I should prefer, in many respects, to form a gang of young Guinea Negroes of the best choice; and even when there is a sufficient number of men full grown for the labour, I would advise to purchase only boys and girls of fourteen and fifteen. Guinea negroes require, in the beginning, to be gently worked and well attended. Some may be lost in the seasoning to climate; but to counterbalance this, they are formed and disciplined according to the master's own ideas, and it is the surest means make a good and beautiful gang.

In the Choice of Guinea negroes, the planter ought to attend to the following circumstances: youth, an open cheerful countenance, a clean and lively eye, fresh lips, sound teeth, a strong neck, a broad and open chest, sinewy arms, dry and large hands, a flat belly, strong loins and haunches, round thighs, dry knees, muscular calves, lean ankles, high feet and lean; an easy and free movement of the limbs; and a middling stature, or rather small.

The Congo, Arada, and Thiamba, are the best nations. Women, in general, do not admit of so much nicety of choice in this respect, because, all over the coast of Guinea, women are accustomed to work for the men. A gang ought to be, as much as possible, composed of the same nation. I preferred the Congos. They are docile, and work pretty well, provided they are well fed.

As soon as Guinea negroes are purchased, the first Care is to have them well bathed with warm water, in order to take off the palm oil, with which they are rubbed on ship-board. This is necessary, as it intercepts perspiration. They must next be clothed as the climate requires (b). It is likewise extremely necessary to cause them to drink for the space of a fortnight, a sudorifick potion (as the dock water) to forward the eruption of cutaneous distempers, which the ship surgeons have often barbarously repressed, and which produce fatal consequences. If direct suspicion of this is entertained, it is better to reproduce the itch, and then to cure it methodically. They ought to be christened also as soon as possible. Some planters stand godfathers for all their negroes, to keep them free from the superstitious and abusive power of godfathers and mothers of their own colour.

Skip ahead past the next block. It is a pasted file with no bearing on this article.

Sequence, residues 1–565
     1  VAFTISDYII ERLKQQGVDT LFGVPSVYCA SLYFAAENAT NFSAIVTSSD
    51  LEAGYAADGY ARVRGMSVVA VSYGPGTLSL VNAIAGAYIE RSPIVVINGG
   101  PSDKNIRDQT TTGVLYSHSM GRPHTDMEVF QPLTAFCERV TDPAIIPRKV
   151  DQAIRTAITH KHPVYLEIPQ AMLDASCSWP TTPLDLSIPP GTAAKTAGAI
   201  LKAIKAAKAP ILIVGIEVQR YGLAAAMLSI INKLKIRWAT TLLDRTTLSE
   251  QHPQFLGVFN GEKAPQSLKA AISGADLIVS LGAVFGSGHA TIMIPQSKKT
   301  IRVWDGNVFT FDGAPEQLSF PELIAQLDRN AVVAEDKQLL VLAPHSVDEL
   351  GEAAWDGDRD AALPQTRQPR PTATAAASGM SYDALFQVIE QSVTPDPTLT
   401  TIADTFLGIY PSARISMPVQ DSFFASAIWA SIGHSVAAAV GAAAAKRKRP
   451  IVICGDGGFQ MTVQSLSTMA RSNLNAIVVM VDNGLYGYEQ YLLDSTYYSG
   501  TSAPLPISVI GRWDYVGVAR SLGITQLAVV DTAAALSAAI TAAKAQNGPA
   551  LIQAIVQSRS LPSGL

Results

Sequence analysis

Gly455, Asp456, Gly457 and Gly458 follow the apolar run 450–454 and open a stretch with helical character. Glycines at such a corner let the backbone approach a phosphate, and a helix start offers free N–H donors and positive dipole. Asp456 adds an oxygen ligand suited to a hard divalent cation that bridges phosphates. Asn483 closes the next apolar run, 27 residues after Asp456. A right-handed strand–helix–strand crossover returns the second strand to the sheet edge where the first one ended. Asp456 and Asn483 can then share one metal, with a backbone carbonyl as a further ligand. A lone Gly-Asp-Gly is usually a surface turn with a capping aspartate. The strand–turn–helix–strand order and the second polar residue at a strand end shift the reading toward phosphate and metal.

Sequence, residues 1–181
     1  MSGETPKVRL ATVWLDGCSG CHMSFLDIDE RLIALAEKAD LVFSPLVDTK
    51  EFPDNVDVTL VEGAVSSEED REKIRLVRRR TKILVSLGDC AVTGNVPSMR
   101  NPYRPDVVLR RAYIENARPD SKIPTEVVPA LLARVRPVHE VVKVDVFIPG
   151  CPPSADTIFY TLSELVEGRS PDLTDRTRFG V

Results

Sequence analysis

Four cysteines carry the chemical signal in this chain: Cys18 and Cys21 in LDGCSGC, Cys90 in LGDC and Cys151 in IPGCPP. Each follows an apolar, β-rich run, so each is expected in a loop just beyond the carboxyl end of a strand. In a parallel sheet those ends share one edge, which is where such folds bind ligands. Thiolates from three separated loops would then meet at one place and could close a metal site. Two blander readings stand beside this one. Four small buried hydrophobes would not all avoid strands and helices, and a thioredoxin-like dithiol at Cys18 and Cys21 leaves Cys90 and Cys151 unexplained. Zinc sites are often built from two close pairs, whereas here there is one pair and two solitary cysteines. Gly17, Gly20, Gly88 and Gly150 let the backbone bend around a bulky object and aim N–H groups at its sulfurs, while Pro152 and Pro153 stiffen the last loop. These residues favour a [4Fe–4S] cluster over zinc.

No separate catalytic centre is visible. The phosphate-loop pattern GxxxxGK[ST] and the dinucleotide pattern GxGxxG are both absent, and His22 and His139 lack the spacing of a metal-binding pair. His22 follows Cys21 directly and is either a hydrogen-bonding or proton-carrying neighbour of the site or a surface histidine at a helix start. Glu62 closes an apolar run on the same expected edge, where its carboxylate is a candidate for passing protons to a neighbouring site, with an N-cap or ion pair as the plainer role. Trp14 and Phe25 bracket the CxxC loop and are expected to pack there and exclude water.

I prefer setting negroes to work as soon as they arrive, but this must be done by degrees, avoiding exposure at first to cold rains and dews, because the climate to which they have been accustomed, is different from that of the mountains of St. Domingo; for the same reason, I should advise to purchase Guinea negroes only in the spring. They require also to be particularly watched by the drivers, on account of their distempers.

Both religion and good manners enjoin that the negroes be united in lawful wedlock. But wedlock ill agrees with the natural levity and fickleness of this class of people. Nay, experience has shown that regular marriage would be the means of converting peaceable concubinage into adultery, discords, and deadly feuds. Some evils are unavoidable, and his Holiness himself is obliged to license brothels at Rome, however repugnant to his character of sanctity.

It is necessary, as much as is possible, to procure an equal number of men and women. Intercourse of the sexes should be prevented, as much as can be done, between the neighbouring plantations; matches should be promoted by small benefits and encouragements; concord maintained between man and wife, without pretending altogether to fetter inconstancy. Here only gentle means must be used; for the natural affections and passions of men are seldom restricted by open force. The women ought to be rewarded in their pregnant state, or while rearing, more especially if the fathers are among themselves.

(a) It is particularly remarkable, that while almost all the Dutch and British colonies have suffered, one time or other, the shock of local insurrections of negroes, the French colonies have never felt any thing of that kind. I can see no better reason for this, but the difference of their respective constitutions. Ours left the strength and power of the multitude a hidden mystery. The whole sway was, visibly at least, in the hands of a single man, both here and in the mother-country; and this is the exact pattern and example of the power of the matter on his own estate. This is only a hint of a very extensive idea, which, it further explained, would be found to be beyond contradiction.

(b) I cannot omit the unpleasing but necessary practice of stamping them.


P. J. Labourie, The Coffee Planter of Saint-Domingo (London, 1798), 157–70.